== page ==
The penny is the star of the show in this article! Did you know slugs aren’t very fond of copper? Attach (pre-1983) pennies to a clean baseball or bowling ball with water-resistant glue and place it in your garden. It looks pretty and keeps your veggies safe!

10 weird gardening hacks that keep pests away and improve growth 16966c483ba5a3d5beb73c7b5f14c6ae

7. Plant forks and keep deer and raccoons away
Nobody wants to step on a fork that’s been wedged into the ground. Ouch! Wedge the forks into the ground near young plants to keep noshers away. Just remember to watch where you step when you go out to feed your veggies!

10 weird gardening hacks that keep pests away and improve growth e30535f464d1eaeef266be88ce755dfd

8. Keep fungus away with cinnamon
One risk of transplanting flowers, fruits and plants is that there is a higher risk of fungus growth on the replanted roots. Protect the roots by dipping them in cinnamon before replanting.

9. Fertilize with coffee grounds
You can recycle used coffee grounds by adding them to your compost. The coffee helps with the alkaline levels of the soil and adds nutrients (like nitrogen) to the ground. Just don’t use fresh, unbrewed grounds because they contain too much caffeine, according to Angela Harris.
10 weird gardening hacks that keep pests away and improve growth 2aea709869eb2a09fbabb5a8cc2c0861
10. Grow roses in potatoes
Take rose cuttings and insert them into a potato. Then bury the potato in the ground and watch your roses bloom. The potatoes help keep the plant moist while it grows. Check out the full tutorial from Amateur Gardening.
10 weird gardening hacks that keep pests away and improve growth fba59dc52d7b7104f5de77b6ffee09b5

Feeling a little creative in the garden? Try one of these tricks, and don’t forget to share them with your friends on Facebook.

So When To Plant Tomatoes?

we start our tomatoes indoors in mid-March, about 6 weeks before the last frost and 7 to 8 weeks before transplanting into the garden.
Though it’s very tempting to start earlier, we’ve found that it doesn’t provide a significant advantage.

In early May, when nighttime temps are in the 40’s or above, we move the tomatoes outside, preferably on an overcast day, and place them in the shade.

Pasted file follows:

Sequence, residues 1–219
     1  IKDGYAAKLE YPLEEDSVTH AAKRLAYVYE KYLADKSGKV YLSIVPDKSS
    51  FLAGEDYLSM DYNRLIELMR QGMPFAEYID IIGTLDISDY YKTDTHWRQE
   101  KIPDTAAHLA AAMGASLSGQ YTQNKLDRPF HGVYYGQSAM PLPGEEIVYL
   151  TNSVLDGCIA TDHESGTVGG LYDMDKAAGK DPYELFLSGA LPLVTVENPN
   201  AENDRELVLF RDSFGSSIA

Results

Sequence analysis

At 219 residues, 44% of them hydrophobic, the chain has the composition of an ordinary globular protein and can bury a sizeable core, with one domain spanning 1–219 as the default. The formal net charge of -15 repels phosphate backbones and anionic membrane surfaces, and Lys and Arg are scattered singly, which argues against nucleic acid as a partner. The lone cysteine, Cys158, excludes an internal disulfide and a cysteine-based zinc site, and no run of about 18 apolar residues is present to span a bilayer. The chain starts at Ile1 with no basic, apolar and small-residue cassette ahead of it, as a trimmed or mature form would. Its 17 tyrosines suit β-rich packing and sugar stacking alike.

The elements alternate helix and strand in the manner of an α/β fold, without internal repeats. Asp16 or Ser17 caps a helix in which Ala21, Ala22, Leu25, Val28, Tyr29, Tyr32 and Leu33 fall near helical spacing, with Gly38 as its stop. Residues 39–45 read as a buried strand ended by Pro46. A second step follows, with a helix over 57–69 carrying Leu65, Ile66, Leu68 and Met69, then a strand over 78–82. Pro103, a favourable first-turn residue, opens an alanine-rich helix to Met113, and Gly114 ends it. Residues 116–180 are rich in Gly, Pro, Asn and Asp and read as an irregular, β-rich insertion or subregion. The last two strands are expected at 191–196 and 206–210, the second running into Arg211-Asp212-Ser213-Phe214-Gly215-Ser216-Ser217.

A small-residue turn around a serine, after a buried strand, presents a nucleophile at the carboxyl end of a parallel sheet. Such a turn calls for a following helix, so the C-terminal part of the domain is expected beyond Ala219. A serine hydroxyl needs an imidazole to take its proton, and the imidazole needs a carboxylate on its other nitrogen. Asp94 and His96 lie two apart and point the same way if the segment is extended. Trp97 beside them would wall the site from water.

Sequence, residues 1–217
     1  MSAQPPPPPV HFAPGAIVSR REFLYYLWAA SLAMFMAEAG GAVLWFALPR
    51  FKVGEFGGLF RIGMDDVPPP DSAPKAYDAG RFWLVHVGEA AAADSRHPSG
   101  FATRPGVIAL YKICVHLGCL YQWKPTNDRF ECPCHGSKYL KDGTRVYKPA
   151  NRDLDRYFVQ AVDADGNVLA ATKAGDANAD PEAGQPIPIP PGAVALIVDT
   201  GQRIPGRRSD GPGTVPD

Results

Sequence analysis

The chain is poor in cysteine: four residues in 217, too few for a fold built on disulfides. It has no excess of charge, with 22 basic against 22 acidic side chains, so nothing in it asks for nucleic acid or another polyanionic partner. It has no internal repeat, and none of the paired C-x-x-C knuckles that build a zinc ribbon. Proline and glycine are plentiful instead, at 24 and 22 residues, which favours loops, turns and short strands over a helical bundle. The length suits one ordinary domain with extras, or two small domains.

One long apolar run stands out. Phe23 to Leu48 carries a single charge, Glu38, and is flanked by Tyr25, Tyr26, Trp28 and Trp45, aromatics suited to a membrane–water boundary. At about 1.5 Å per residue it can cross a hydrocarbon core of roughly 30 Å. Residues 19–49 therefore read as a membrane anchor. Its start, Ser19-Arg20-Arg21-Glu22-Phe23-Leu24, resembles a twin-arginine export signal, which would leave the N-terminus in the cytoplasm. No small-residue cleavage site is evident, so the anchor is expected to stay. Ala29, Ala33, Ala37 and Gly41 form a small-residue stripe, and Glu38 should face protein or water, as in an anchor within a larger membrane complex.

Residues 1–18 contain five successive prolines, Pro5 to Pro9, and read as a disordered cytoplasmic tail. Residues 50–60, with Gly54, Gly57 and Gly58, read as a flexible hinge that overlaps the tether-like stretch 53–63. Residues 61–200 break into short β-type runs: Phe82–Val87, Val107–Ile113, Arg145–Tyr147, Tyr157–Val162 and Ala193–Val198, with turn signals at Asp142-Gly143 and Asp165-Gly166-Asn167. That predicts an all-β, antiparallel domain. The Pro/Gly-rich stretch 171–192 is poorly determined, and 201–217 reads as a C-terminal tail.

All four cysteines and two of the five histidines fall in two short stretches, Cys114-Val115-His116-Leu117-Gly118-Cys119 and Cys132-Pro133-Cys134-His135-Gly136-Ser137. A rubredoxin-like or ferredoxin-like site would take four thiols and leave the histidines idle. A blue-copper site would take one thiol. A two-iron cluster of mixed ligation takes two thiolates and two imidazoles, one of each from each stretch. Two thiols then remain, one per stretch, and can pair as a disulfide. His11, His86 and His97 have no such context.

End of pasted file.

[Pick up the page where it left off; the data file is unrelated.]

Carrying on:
This begins the hardening off process.

Over the course of the next week or two, we gradually move them out of the shade and into the sun.
This allows them to adapt to outdoor conditions and reduces subscale.

Sometime around mid-May, when nighttime temperatures are mostly in the 50’s or above, we transplant the tomatoes.
Much of our garden is partially shaded, so we save the sunniest spots for tomatoes.

We also practice crop rotation and don’t plant tomatoes where tomatoes, potatoes, peppers, or eggplants grew the prior year.

Tomatoes can grow new roots along the stem, so we plant them fairly deep, leaving only about 4 to 6 inches above ground and snipping branches if needed.

We space our indeterminate tomatoes one per square foot and prune suckers to prevent overcrowding.

This helps maximize yields per square foot.

When the plants get taller, we also prune the lowest branches to reduce blight.

As the plants grow, we weave them through the trellis grid, which usually provides more than enough support for the plants.

When they reach the top of our 8 foot trellises, we top them off to encourage fruit production.

Tomatoes need moderate to high watering during the growth stage and light watering at harvest time.

We have a lot of rain in the extended forecast, so we probably won’t have to water much in the near future.

In a couple of weeks, when soil temperatures are higher, we’ll mulch the tomatoes to reduce watering requirements.

This will also reduce soil splash, which will protect the plants from blight.

Finally, we’ve found through experience and a soil test that compost, worm castings, and mulch from free local resources provide more than enough nutrients for our tomatoes and the rest of our plants.

 

that’s all for now.

goodluck.

 

19 Perfect Tips How To Growing Tomatoes in Pots.

  • Use Biodegradable Pots Peat pots make planting extra easy: Just dig the hole, put in the plant, and fill in with soil.
  • There’s no need to take your plants out of the pot.
  • Feed Them Well Like growing kids, tomatoes are heavy feeders, so add plenty of organic matter (such as compost) to the soil.
  • Give them an early boost by working a little fertilizer into the soil at planting time.
  • Plant Deeply Tomato plants form roots all the way along their stems, so you can give your plants an extra-strong root system (especially the tall, leggy ones) by planting them on their sides.
  • Do remove any leaves that would be covered under the soil, though.